There’s a long history of poker playing a major part in cinema from all round the world. Of course, the first examples that you think of tend to be from Hollywood movies like The Cincinnati Kid and Cool Hand Luke.
But Asian cinema also has a long tradition of using this most cinematic of card games in its movies. After all, it offers writers and directors all the same benefits as it does in the West. These include the huge scope for showing conflict between two characters – never better used on screen than in the classic encounter between Daniel Craig’s James Bond and Le Chiffre played by Mads Mikkelson in the 2006 version of Casino Royale. It’s also a game in which the palpable tension can add hugely to the atmosphere of a film as we, the audience, hold our breath as each player’s hand is revealed.
With the new focus on Asian cinema, thanks to the incredible success of Parasite at the Oscars in February, now may be when the rest of the world starts to discover these three films which also use poker as major drivers in their plots.
God of Gamblers
Released in 1989 and written and directed by Wong Jing, God of Gamblers stars Chow Yun-fat and Andy Lau.
In the movie, Chow Yun-fat plays Ko Chun, a famous games player and so-called “God of Gamblers”. At the start of the film, he arrives in Tokyo for a planned game against another renowned player called Tanaka who he easily defeats. Relations are still good between the two and Tanaka asks Ko Chun to help him bring down Chan Kam-Sing, a man who had cheated his father and drove him to death.
But, before he can have the game, Ko Chun suffer an accident that makes him lose his memory, as well as his poker playing ability. In the nick of time, he regains his faculties and is able to take on Chan Kam-Sing in a high stakes poker game on his luxury yacht. Even though the so-called “Demon of Gamblers” is cheating by using marked cards, Ko Chun still manages to prevail and saves the day.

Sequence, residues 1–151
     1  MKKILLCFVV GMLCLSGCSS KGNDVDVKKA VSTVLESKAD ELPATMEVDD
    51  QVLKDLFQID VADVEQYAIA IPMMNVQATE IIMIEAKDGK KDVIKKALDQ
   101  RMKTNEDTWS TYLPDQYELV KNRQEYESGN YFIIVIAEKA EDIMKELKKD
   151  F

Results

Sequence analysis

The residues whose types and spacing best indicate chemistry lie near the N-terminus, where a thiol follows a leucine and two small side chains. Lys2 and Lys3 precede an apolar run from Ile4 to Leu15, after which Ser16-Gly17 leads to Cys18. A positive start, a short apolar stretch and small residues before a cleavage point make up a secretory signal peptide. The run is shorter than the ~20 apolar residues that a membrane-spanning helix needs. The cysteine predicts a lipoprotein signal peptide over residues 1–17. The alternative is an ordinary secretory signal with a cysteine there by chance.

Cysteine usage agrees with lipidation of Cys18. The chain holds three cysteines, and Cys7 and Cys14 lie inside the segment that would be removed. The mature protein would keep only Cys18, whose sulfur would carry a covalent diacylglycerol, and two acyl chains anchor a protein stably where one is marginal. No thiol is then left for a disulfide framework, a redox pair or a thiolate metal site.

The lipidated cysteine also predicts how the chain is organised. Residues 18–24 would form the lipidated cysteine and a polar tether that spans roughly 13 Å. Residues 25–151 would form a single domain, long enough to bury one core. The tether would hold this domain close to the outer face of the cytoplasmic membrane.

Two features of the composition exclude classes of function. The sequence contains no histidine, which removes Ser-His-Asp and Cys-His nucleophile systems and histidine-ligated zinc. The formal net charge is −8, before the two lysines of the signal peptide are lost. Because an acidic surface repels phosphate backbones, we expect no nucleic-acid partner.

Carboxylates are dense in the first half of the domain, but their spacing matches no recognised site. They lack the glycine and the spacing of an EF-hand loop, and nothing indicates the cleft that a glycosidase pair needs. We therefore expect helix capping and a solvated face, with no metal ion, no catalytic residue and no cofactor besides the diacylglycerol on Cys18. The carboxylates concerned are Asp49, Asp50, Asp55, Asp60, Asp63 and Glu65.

The film wasn’t just an immediate success. It also spawned a long series of sequels, spin-offs and even parodies. And, although the original cast was never fully reunited at any of these poker movies, all contained the same great mix of tension, drama and an element of comedy too.
Vegas to Macau
This is one of the films that can rightly be considered as a spinoff of God of Gamblers as Chow Yun-fat reappears as Ko Chun in a surprise twist at the end. In keeping with most films of this kind, the plot is a long and convoluted one.
At its start, we meet a gang dedicated to stealing from gangsters and redistributing their wealth. Led by a character called Benz and assisted by his son Cool and nephew Ngau-Ngau, the gang are, unknowingly, being spied on by a ruthless underworld gang leader called Mr Ko.
Benz becomes aware of this and enlists the help of a friend called Ken who he hopes will help him take down the gang leader with his card-playing skills. But before the meeting can be set up, Ko arranges for Benz to be beaten, after which he is left in a coma. Nevertheless, Ken goes ahead and gets the better of Mr Ko.
The twist comes at the end of the movie when Cool is introduced to a mystery man during the Lunar New Year who agrees to take him on as a disciple – and then reveals himself as God of Gamblers.
There then follow not one but two sequels with the most recent being released to coincide with the Chinese New Year in 2016 and which brought the total box office receipts for the whole series up to around $400 million.
Last, but by no means least, there’s this 2009 movie co-written and directed by Chan Hing-Kai and Janet Chun which starred Louis Koo and Sean Lau.
Louis Koo plays Jack, the wayward sone of a casino owner who has been in exile in Canada. Following his father’s death, he returns to Macau to discover a disreputable rival called Uno (Lau Ching Wan) is hoping to prove he is too incompetent to take over the business and grab it for himself.
Jack, however, helped by his girlfriend Smiley, starts to make a name for himself around the casinos of Macau as a great poker player. So it’s agreed that he should take on Uno in a winner-takes-all contest for control of his deceased father’s casino.
The game could not be tenser and is decided on the finest of margins when it reaches its climax. Jack wins and the animosity that Uno has felt towards him evaporates. When Jack takes control, he rewards Uno by making him CEO of the business to allow him to concentrate on his poker playing.
As to which of these is the best poker movie, all have their strong points. For example, God of Gamblers has a very high rating on Rotten Tomatoes, the Vegas to Macau series did brilliantly at the box office and Poker King has perhaps the most realistic depiction of the game – and, for this, it has to be the ultimate winner.